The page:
6 comments on “Flashback Friday: “Ang Unang Reyna”

  1. As we bask on the tag “Beauty Pageant Powerhouse” let us remember that the illustrious template the first Filipina beauty queen etched in Philippine history was simply in keeping with the traditional role of women in society. Suppressed by the Spanish colonial masters, still, the vestiges of the prominent role of women in the pre-historic Philippines kept on emerging epoch by epoch and Pura Villanueva showed the country and the world in 1908 how to use the pageantry platform to showcase the inherent holistic beauty of the Filipina.

    History books tell us that pre-colonial social structures of the Philippines accorded women a high status. This bilateral kinship system gave women enormous power within a clan. They were entitled to property rights, engage in a trade and could exercise their right to divorce her husband. In the absence of a male heir, they could also become village chiefs. Before the arrival of the Spanish invaders, Filipino women could also achieve status as high priestesses, astrologers or herbalists.

    I hope this documentary gives Philippine pageantry the historical and cultural dimension to the annual search for that confidently beautiful social and environmental advocates to take on the prestigious title of “Miss Philippines”.

  2. but the winner of the first nationwide search for Miss Philippines was Anita Noble who represented Batangas and bested almost 40 girls from all over the country

  3. Come to think of it prior to the arrival of European…. pre-colonial Filipinos already had their own diverse versions of pageants…. in some cases, suitors battle against the warior princess on stage… some do belly dances to seduce potential suitors… but my favorite is the Singkil which is not just a dance we know today but it is actually a huge performance done during special events when leaders of Ancient empires gather at our islands to forge strong political alliances and unite empires… What better way, by Marrying the most eligible members of royalty and nobility… And how do they meet? Through a festive occasion where princesses perform a complex dance interpretation of our local version of the Ramayana… I believe the multi-lingual Princesses takes turns to perform each segment of the Hindu epic… Each one gives their most artistic way to show grace under pressure…. like doing the fan dance and/or belly dancing in their beautiful gowns/costumes in coordination w/ at least 4 rythmicaly slamming bamboo poles below their feet while doing their best to charm the audience with their wit, poise, grace… and while doing all their other artistic chops like singing, poetry, etc… I don’t know what else they do to excel in this ancient form of pageantry but the little history we know already proves that our ancestors would have slayed in any of todays international pageants.

  4. Like Closer2Fame said before, the concept of pageantry – of putting a community’s beautiful individuals on display in some sort of show – had its roots in the quest for upward social mobility (for example, the “binukot” that was the poor man’s loveliest daughter literally “set aside” to be offered to a wealthy family, somewhat like H’Hen Nie). The idea to make it “more relevant or meaningful” perhaps only came later when the pageant became a charity fund raiser. And thus the birth of ADVOCACY.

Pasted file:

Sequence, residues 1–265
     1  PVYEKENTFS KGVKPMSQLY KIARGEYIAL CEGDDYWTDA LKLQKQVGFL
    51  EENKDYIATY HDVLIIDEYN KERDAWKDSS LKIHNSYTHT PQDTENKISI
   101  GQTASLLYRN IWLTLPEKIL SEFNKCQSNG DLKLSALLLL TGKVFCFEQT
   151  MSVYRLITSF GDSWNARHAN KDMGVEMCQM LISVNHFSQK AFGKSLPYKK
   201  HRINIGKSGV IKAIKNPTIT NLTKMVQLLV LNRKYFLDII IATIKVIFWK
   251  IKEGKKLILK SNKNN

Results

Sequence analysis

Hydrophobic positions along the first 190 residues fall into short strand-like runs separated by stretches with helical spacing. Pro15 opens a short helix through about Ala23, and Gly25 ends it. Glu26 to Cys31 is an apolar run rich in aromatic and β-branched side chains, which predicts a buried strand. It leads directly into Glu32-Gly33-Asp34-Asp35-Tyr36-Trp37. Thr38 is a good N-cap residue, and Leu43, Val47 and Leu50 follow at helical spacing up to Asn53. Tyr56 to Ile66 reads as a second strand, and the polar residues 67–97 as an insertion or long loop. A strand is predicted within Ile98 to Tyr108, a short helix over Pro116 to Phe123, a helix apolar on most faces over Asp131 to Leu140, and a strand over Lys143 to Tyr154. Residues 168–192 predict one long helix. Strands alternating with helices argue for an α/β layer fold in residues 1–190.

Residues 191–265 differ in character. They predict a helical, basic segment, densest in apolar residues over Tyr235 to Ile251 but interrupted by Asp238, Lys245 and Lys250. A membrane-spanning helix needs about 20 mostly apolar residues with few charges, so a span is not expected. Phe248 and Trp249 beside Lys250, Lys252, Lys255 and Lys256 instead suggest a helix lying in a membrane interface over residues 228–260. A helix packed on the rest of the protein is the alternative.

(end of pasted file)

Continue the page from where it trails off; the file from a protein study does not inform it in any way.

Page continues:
5. Excellent documentary! This just proves that the Philippines is the veritable trailblazer in world pageantry— way before the Miss World and Miss Universe came into being, way before the notion of beauty pageantry as a platform for noble social advocacies was conceived. Pura Villanueva showed the Philippines and the world the template of what a real beauty queen should be— brains and brawns, not just physique. Coming from the province, she conquered Manila and she spearheaded many causes for women empowerment on the national level.

    Now the world will understand why the Philippines is “pageant crazy”. Beauty pageantry is deep-rooted in its culture since Spanish colonial era. Revolutions come and go but beauty pageants flourished—from local town fiestas to provincial fairs to national carnivals. If there is one thing the world can learn from Philippine pageantry, as pioneered by Pura Villanueva, it is the fact that pageantry is an effective platform for noble advocacies

  6. Finally…

    I have long dreamed that media would do a feature of the first ever Filipina beauty queen. Kudos to Howie Severeno’s team for coming up with this documentary–however short it is–and tells us how being a beauty queen empowers and makes relevance to this time.

    Ms. Pura Villanueva had advanced her causes through Miss Manila Carnival platform, and she continued to empower women by pushing our right to vote. I think this is the most valuable advocacy a beauty queen has ever worked on, as we women exercise it today.

    Ms. Villanueva had long visioned and done it into fruition the thing we women are still fighting for — equality. And, yes, Howie has substantially connected Ms. Pura Villanueva’s love for our country with our very own Catriona.

    That’s all.

Comments are closed.